D isplaced and destitute, these Smyerniac refugees many of whom had been part of a well educated and well healed middle and upper class, did what they had to do in order to survive. They were not particularly welcome in Greece for essentially two reasons. The first had to do with historical animosities and resentments on the part of the mainland Greeks, that had developed and evolved from the days and events of the Greek Revolution in 1821. In fact one could make a pretty good case, that these resentments actually went back much further then 1821. Suffice to say that the Ottoman assimilated Anatolian Greek refugees were not exactly welcomed with open arms and Rose Petals and were to some extent considered by many on the Greek mainland, as having been descendent from turncoat Phanariot "Greek-Turks".  However the second reason was a good deal more immediate and pragmatic. It centered on issues a bit more concrete in nature.  These issues concerned the precious few resources of a very fragile and ever more vulnerable Greek State. In short there were none to spare.  Mainland Greece scarcely produced enough consumable resources to meet it's own domestic needs before 1923.  After the population exchange where approximately 1,400,000 new mouths had to be fed, things quite understandably were to become a bit strained.  Economically times were so difficult in Greece, that between 1900-1922, it has been estimated that the Peloponeese region alone lost approximately 35% of it's resident population through mass immigration. The majority of that to the USA. Figures for these things are always at variance depending on whom you ask , but it is generally agreed that the number is somewhere around 400,000 during this period.  In fact for many years thereafter the relatives of those who had successfully immigrated to the " New World ", were very much dependent on an income sent back to them by these immerges.  Many of whom in all probability, would not have survived without it.  Also note, that a substantial portion of this immigration had occurred before said events that took place in Smyrna.  Had that immigration not already been in progress, one shudders to think of how much worse things might have been.  As it stood, things had been catastrophic enough.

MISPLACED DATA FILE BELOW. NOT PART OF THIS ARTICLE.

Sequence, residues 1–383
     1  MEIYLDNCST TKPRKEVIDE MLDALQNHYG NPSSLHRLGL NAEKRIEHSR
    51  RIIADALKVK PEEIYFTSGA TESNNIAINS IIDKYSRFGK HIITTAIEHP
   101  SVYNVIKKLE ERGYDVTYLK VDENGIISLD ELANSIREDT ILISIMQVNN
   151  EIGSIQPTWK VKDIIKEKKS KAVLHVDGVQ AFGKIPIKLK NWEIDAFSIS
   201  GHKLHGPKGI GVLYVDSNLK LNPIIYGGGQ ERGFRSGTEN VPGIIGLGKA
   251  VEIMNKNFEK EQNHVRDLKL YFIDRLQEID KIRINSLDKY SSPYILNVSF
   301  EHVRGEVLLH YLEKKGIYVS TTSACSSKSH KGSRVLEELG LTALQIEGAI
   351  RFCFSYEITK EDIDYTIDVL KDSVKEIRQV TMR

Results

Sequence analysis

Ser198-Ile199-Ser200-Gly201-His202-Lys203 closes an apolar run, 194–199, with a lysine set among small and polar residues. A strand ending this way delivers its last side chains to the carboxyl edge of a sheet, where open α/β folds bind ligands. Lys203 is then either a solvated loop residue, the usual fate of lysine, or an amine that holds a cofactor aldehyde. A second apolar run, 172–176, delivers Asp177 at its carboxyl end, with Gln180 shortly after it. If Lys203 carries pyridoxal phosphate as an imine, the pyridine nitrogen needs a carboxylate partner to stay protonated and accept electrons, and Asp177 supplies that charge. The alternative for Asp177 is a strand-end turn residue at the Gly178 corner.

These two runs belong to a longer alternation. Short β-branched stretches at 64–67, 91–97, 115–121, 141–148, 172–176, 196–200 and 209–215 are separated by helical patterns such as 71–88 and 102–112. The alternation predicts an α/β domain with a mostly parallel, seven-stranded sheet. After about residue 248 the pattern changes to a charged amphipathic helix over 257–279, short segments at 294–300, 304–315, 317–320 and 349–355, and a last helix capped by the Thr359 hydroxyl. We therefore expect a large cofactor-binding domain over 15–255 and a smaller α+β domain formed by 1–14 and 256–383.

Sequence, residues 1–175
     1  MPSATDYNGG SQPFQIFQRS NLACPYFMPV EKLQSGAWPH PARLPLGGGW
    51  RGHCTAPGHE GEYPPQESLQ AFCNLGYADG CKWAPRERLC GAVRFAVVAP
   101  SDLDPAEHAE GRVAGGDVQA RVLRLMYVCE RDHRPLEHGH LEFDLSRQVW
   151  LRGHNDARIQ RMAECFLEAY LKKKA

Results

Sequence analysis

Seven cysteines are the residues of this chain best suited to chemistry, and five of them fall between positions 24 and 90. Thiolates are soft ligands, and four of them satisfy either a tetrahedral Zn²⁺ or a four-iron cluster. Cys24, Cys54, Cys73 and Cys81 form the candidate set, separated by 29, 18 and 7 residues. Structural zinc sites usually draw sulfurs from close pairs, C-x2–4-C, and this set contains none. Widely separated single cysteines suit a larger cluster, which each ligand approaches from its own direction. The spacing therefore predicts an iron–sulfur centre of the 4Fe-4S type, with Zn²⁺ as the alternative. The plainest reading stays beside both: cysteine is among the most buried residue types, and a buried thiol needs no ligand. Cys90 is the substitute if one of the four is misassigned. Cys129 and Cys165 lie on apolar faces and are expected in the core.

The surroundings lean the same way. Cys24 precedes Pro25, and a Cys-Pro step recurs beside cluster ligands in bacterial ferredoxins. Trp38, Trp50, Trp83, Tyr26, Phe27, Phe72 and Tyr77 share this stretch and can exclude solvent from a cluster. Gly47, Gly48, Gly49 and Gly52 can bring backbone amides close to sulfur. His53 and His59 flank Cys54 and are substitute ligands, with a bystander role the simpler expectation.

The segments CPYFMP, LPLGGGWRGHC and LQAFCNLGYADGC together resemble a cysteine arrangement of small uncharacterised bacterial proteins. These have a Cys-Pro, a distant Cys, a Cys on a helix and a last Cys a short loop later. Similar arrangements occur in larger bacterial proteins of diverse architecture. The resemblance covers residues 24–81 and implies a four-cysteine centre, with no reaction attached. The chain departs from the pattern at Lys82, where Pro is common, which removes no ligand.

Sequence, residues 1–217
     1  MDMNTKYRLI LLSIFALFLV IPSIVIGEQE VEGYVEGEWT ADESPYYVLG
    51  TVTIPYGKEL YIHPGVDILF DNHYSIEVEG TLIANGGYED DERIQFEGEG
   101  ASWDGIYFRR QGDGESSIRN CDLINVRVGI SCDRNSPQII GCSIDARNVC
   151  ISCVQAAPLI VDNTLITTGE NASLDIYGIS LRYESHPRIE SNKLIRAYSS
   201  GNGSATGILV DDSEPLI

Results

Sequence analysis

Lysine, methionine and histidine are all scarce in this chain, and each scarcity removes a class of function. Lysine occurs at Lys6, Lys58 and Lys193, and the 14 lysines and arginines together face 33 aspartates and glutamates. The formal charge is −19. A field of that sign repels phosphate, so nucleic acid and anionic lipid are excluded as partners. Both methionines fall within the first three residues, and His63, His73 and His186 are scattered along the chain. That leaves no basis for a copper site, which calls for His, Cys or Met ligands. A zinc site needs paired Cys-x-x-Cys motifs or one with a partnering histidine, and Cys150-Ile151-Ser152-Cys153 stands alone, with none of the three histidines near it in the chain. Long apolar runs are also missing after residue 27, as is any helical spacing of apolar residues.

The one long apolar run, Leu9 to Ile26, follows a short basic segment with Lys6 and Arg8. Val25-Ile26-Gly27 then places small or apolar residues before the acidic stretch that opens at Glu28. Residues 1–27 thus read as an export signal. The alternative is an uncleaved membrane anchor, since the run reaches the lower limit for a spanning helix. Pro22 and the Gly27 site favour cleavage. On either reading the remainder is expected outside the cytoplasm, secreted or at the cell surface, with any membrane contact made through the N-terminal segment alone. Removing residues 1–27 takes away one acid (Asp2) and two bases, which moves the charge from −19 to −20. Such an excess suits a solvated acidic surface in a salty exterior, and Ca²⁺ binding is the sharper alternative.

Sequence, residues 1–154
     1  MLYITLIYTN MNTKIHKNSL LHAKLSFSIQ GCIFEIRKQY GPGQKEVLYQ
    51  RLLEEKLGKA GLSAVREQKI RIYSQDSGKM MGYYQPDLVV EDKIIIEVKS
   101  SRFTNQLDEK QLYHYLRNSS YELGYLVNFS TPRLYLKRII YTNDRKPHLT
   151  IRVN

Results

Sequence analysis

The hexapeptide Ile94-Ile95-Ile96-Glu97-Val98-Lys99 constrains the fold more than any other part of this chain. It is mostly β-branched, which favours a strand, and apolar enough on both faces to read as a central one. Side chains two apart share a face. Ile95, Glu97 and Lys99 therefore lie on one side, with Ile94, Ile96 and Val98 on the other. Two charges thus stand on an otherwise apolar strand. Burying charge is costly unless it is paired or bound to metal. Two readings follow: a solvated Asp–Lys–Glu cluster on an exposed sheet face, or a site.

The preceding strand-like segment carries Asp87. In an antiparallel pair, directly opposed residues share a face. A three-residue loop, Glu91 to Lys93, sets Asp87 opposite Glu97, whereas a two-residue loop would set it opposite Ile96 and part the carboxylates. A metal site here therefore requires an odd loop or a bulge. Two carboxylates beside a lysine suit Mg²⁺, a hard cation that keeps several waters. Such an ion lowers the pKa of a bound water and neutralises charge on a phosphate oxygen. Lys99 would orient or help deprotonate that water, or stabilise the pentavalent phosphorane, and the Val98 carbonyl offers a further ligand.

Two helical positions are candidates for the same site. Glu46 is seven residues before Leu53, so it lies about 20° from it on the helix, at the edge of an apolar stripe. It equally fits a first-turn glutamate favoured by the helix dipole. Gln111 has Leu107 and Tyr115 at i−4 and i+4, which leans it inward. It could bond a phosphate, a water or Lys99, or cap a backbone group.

So now, individuals who once owned thriving business interests or who had once been part of a Professional, Academic or Diplomat Class structure, now and for years to come, were reduced to a shell of what they once had been.  It would be many years before these refugees would begin to successfully assimilate into the mainstream of Hellenic society. Extremely difficult years for so many people displaced by time and tide.  Families now lived in makeshift " Shanty-town" type quarters all along the coast of Athens.  Individuals who as previously mentioned, did whatever they could to keep from starving to death.  Often that included engaging in criminal activities of one sort or another. Consequently the jails frequently overflowed and the Police often became intrusive and brutally oppressive. It was from this rather chaotic social context, that the Rebetiko "Sub Culture" began to emerge.  The Smyrnaic refugees were basically indigent unemployed outsiders.  However so were many other individuals. These had been indigenous to Greek society long before the infamous population exchange. They included everything from a "criminal class" element, as well as those who might be at political odds with the conservative Status quo, to those who were just plain vanilla old fashion abject poverty stricken, of which there was a multitude.  All of them more or less Outcasts from Mainstream Hellenic society and after 1923, all engaged in a great deal of social interaction. Mostly in prison !